Introduction to the Book of Exodus Index
Research Material


  • Like each of the other four books of the Pentateuch, Exodus is designated by the Jews according to the first phrase of the Hebrew text, We'eleh shemoth, "And these are the names." The name Exodus is a compound of tow Greek words meaning "the way out" or "the going out" (of the Israelites from Egypt), and was adopted by English translators from the Vulgate, which in turn took it from the LXX. This term refers, of course, to the central theme of the book. The words, "The Second Book of Moses," do not appear in the Hebrew test but were added at a later time. (1BC 491)


  • The question of the authorship of the book of Exodus is closely related to that of all the books of the Pentateuch, and Genesis in particular, of which it is the continuation. The book of Exodus plays an important role in the problem of identifying the author of the Pentateuch, since certain of its statements designate Moses as the author of specific parts of it. Moses, for instance, was to record the battle against the Amalekites "in a book" (Exodus 17:14). This, together with (Numbers 33:2), points to the fact that Moses kept a diary. It is evident from (Exodus 24:4) that he wrote down the ordinances contained in (Exodus 20:21 thru Exodus 23:33), the "book of the covenant" (Exodus 24:7). According to (Exodus 34:27) he is the author of the revelation recorded in (Exodus 34:11-26). The evidence preserved in the book of Exodus itself thus points specifically to Moses as the author of historical and other reports found in it. Except for Moses, no individual is mentioned in the Pentateuch as having written any part of it. (1BC 491)
  • The use of many Egyptian words and the accurate description of the Egyptian life and customs appearing in the first part of the book strongly suggest that the author had been educated in Egypt and was intimately acquainted with the country and its culture. No other known Hebrew after the time of Joseph was qualified to write the story of the Exodus. Moses alone seems to have been "learned in all the wisdom of the Egyptians" (Acts 7:22). The strongest proof of Mosaic authorship, however, is found in the New Testament. In Mark 12:26 Christ quotes Exodus 3:6, and refers to His source as "the book of Moses" (GC 434). These three considerations - the direct witness of the book itself, the indirect evidence that the author was educated in Egypt, and the testimony of Christ - all guarantee the accuracy of the Jewish tradition that Moses wrote the book of Exodus. (1BC 491-492)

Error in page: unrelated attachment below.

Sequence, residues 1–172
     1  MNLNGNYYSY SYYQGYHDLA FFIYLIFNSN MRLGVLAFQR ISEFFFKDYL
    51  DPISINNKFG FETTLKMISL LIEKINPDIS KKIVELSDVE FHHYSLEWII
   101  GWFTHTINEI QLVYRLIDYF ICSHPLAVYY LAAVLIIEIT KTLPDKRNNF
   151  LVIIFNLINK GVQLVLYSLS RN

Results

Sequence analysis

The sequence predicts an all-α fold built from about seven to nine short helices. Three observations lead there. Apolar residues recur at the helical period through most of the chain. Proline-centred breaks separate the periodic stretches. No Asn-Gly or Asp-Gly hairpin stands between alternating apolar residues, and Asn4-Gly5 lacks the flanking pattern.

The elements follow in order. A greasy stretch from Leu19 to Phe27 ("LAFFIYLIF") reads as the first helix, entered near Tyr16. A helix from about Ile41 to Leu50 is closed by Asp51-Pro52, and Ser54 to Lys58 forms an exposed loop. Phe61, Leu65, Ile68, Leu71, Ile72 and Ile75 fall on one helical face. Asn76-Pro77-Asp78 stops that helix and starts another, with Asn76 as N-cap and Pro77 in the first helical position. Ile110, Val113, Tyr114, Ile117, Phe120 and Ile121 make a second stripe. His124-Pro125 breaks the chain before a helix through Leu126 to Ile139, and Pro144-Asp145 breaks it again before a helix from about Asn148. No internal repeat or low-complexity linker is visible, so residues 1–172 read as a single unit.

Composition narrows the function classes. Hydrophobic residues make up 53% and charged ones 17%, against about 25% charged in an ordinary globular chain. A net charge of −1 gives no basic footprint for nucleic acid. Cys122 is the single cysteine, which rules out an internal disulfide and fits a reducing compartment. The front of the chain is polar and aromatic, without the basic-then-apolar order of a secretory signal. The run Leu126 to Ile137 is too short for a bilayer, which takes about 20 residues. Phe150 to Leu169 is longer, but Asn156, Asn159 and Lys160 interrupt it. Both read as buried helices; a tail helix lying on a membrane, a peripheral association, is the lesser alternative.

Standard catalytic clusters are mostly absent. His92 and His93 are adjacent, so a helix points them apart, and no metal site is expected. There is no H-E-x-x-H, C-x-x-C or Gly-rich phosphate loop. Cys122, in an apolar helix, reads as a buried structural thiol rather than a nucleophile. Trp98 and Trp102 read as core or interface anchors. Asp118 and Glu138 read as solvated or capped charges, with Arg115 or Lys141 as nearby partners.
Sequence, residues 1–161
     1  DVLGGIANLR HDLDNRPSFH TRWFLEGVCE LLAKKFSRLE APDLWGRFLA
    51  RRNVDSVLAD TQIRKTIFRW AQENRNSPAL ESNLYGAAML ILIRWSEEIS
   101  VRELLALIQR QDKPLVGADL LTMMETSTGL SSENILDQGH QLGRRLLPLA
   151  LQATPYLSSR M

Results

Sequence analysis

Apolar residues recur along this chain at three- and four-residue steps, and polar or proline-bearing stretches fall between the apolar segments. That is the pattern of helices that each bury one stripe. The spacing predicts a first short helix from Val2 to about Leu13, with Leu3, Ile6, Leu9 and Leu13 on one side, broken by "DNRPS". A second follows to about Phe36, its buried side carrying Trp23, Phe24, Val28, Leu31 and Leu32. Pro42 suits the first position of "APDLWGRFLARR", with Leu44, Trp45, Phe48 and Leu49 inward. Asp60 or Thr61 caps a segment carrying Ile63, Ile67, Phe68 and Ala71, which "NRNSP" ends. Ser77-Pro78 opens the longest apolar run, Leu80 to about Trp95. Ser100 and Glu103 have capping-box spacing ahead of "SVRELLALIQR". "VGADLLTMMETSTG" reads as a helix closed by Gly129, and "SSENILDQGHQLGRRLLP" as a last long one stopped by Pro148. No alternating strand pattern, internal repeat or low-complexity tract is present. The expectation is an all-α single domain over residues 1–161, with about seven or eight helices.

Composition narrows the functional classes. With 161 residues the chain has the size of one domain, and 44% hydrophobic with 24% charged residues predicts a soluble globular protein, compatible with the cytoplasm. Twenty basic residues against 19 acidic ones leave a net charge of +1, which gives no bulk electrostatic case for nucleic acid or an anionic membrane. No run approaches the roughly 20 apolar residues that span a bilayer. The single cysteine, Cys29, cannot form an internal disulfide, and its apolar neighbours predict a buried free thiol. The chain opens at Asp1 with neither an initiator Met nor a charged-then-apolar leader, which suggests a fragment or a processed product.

• Moses' first book, Genesis, presents a brief outline of the history of God's chosen ones from the creation of the world to the close of the patriarchal age, a period of many centuries. In its first two chapters, however, Exodus, the continuation of Genesis, covers only about 80 years, and in the remainder of the book but a year or so. (1BC 492)
  • Though the absence of archeological evidence prevents our dogmatizing on various points of the history of the Israelites in Egypt, there seems to be sufficient evidence to justify the conclusion that Joseph and Jacob entered Egypt during the time of the Hyksos. These Semitic rulers were friendly toward their racial relatives, the Hebrews, and under them Joseph rose to honor and fame. As foreign invaders and rulers, however, the Hyksos would be hated by native Egyptians even though they might rule with a light hand and work in the interests of their subjects. (1BC 492)
  • When the Hyksos had ruled over Egypt for some 150 years (c.1730-1580 B.C.), Sekenenre, a locale Egyptian prince of Upper Egypt and vassal of the Hyksos, revolted. The record of this rebellion appears in a legendary story of later date, and does not reveal the success or failure of his attempt to restore the independence of Egypt. His mummy shows terrible head wounds, mute witness to a violent death, incurred, perhaps, on the Battlefield as he fought the Hyksos. (1BC 492)